This year Mordecai and Jubilee are both eight, so they are required to do daily assignments. They both have handwriting and math. Mordecai is still learning to read, so we do lessons. Jubilee also has vocabulary and geography. The actual work takes her less than an hour a day.

I have blogged plenty in the past about having a prepared environment for my little ones. That way there are always age appropriate and challenging activities for them. We stick to a familiar routine of meals, rest, and work. The little ones always work alongside us and are involved in cooking, cleaning, etc, which is, of course, an education in itself.

And to head off the next question, by age ten or so all of our children have scored at or above average in standardized testing, so obviously this method hasn’t hindered them in any way!

Updating this post six years after I originally wrote it, I can say this method works! Our oldest three kids have earned AA degrees from the community college simultaneously with their high school diplomas (our next two in line are currently doing the same thing). Judah graduated university at age 17 with a degree in Law and Justice and minor in Spanish. He landed a job with the State Patrol just weeks after his 20th birthday.

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7 Responses

  1. So how do you do testing? Are you able to administer them because you have a degree? Or do they go to a center to be tested? I went to the local public school as a homeschooled kid and tested, which was fine, but we are using BJU because my husband has his bachelor deg and can give the kids the IOWA test.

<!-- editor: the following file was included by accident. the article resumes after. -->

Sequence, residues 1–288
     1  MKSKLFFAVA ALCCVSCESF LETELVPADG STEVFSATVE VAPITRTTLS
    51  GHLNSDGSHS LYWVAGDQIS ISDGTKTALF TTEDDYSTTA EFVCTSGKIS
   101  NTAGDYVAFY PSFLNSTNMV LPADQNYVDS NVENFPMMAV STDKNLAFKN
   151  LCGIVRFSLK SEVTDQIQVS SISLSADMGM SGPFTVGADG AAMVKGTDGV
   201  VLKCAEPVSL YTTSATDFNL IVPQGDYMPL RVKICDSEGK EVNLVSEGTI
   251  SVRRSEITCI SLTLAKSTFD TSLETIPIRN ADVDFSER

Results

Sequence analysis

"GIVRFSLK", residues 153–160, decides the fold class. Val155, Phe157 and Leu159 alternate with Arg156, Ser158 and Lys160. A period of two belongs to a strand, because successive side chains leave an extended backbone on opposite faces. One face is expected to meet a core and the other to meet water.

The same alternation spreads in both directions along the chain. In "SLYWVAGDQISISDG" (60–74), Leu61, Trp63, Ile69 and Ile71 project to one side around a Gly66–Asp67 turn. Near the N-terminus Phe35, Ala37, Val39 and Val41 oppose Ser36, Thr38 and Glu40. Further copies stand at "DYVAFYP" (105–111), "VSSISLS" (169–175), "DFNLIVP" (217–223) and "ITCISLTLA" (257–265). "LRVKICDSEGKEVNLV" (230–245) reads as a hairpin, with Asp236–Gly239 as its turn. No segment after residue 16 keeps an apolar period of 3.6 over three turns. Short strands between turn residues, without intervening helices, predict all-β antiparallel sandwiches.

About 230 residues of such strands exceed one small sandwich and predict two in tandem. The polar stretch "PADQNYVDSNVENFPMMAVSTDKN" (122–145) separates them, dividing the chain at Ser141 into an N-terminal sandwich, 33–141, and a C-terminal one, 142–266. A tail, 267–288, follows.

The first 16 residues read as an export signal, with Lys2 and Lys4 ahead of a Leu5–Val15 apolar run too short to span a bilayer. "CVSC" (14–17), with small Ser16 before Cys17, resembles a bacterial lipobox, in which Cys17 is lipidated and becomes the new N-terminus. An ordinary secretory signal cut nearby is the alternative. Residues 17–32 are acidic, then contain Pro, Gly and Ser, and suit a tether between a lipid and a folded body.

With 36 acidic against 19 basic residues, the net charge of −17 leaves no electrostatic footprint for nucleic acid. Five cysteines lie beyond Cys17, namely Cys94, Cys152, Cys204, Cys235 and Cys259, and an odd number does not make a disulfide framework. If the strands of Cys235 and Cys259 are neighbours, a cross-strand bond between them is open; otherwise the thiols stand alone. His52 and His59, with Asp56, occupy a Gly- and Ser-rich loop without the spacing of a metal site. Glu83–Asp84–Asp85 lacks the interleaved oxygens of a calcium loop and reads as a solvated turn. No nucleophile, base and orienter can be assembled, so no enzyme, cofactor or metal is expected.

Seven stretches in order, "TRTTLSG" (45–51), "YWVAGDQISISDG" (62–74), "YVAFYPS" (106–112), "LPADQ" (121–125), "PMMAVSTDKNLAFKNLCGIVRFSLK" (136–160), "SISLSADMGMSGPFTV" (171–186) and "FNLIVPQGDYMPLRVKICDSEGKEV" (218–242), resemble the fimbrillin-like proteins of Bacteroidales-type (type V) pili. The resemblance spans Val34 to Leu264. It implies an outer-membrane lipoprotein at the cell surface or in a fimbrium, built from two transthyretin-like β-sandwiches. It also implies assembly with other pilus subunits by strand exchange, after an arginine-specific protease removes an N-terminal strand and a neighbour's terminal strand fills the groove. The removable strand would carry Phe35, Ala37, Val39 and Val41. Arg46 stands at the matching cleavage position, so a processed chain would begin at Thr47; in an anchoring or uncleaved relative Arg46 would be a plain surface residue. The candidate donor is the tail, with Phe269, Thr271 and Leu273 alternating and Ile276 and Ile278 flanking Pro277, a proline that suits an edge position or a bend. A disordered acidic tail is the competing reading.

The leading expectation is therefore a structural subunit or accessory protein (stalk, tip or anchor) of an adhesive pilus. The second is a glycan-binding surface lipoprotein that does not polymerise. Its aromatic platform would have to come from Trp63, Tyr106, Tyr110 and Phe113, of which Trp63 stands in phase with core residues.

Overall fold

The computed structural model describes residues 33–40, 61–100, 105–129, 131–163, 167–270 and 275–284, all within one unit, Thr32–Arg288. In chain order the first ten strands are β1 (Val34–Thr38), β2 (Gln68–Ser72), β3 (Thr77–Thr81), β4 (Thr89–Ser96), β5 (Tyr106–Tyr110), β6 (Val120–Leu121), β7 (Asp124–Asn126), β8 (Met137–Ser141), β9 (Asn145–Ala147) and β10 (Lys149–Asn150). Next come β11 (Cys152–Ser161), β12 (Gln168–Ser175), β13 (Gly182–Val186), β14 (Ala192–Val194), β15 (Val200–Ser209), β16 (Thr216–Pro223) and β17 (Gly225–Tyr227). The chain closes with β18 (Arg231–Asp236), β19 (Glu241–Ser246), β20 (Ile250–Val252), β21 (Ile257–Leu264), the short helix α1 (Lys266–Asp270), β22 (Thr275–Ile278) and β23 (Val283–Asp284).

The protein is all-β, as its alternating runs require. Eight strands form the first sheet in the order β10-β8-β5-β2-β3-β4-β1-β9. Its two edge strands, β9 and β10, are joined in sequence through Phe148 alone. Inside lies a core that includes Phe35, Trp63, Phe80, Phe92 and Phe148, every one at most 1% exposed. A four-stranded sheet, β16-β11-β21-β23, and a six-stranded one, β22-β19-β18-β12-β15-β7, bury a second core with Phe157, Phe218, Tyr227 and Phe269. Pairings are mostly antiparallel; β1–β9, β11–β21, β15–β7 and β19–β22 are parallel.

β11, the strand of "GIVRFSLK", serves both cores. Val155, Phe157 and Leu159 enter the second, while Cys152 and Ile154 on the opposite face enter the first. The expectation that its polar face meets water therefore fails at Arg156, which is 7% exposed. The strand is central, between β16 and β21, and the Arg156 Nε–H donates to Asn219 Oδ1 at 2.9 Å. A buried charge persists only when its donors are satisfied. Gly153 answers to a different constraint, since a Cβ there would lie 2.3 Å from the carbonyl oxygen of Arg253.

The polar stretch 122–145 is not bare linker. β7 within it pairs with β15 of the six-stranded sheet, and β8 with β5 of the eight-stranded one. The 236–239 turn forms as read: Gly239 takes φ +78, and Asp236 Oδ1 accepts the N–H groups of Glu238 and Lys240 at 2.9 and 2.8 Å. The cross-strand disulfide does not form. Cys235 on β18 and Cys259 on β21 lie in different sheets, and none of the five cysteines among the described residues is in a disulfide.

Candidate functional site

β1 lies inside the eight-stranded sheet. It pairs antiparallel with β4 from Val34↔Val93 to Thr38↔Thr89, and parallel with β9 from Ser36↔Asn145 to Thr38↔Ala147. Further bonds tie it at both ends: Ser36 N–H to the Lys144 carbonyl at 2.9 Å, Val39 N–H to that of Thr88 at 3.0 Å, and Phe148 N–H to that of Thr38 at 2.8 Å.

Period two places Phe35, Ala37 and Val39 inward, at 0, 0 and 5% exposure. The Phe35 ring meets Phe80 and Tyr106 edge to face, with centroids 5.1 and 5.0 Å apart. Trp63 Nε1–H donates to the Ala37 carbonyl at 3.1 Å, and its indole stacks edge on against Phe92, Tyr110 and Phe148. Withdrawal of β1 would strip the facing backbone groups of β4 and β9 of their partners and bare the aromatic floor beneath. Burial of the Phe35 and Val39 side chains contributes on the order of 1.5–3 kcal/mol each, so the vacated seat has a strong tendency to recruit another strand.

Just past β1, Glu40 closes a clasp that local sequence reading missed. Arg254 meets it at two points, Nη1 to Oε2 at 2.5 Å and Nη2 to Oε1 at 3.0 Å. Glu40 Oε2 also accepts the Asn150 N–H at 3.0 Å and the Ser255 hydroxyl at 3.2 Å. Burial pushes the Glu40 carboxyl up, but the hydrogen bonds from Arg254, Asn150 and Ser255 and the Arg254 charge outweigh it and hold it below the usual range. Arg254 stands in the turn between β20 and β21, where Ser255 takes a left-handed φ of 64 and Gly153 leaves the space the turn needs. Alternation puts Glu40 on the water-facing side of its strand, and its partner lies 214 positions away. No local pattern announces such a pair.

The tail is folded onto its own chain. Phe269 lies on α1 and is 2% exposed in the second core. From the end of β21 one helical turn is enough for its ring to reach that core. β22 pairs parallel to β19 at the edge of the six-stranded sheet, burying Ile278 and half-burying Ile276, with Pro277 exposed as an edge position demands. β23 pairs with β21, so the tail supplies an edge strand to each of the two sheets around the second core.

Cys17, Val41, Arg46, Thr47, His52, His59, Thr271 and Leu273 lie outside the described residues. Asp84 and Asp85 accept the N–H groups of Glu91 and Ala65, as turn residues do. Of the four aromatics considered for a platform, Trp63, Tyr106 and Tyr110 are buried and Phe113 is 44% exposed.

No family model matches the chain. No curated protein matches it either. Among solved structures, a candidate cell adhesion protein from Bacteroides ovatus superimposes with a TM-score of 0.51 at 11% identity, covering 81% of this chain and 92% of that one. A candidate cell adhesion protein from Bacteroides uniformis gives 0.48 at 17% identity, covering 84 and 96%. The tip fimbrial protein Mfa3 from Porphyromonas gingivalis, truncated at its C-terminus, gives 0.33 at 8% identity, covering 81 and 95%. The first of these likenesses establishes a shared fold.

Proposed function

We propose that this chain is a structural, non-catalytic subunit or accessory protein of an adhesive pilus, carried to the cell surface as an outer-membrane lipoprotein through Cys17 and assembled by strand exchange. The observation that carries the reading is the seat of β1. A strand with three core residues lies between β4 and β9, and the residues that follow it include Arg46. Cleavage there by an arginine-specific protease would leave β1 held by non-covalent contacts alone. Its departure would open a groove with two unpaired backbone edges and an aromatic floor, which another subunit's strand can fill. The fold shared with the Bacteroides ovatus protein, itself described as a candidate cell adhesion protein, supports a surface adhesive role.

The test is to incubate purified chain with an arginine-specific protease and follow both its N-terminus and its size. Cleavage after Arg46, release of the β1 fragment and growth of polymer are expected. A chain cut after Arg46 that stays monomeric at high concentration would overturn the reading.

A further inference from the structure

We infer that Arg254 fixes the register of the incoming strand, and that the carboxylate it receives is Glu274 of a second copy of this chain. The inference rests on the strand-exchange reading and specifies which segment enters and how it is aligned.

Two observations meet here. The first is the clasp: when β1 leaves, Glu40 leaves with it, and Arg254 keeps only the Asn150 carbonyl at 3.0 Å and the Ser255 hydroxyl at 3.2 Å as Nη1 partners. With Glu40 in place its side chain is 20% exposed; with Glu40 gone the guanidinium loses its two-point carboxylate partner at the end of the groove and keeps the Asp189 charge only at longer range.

2. Thanks for this conformation on our decision to pull our 6 year old out of school. Posted about it today.

  3. I love your prepared environment. I have been reading the books by Lillard and Polk about the Montessori Method and have tried to follow and teach about some of her methods as used in a large family homeschool. It was inspiring to see your photos and will help me work on repairing my “prepared environment”.
    Blessings,
    Jennifer

  4. Hezekiah always amazed me, it feels like I’m looking at the face of someone older then I am. Like Yoda with better hair.
    And speaking of hair I adore Tucker’s baby hair. My second boy had hair like that and it was agony to cut it but I was so tired of being complimented on how beautiful my daughter was.

  5. […] how to teach writing. Or, more accurately, how I have taught my children to write. I believe in delaying formal education and letting children learn and grow in a prepared environment in the early years. There comes […]

  6. […] how to teach writing. Or, more accurately, how I have taught my children to write. I believe in delaying formal education and letting children learn and grow in a prepared environment in the early years. There comes a […]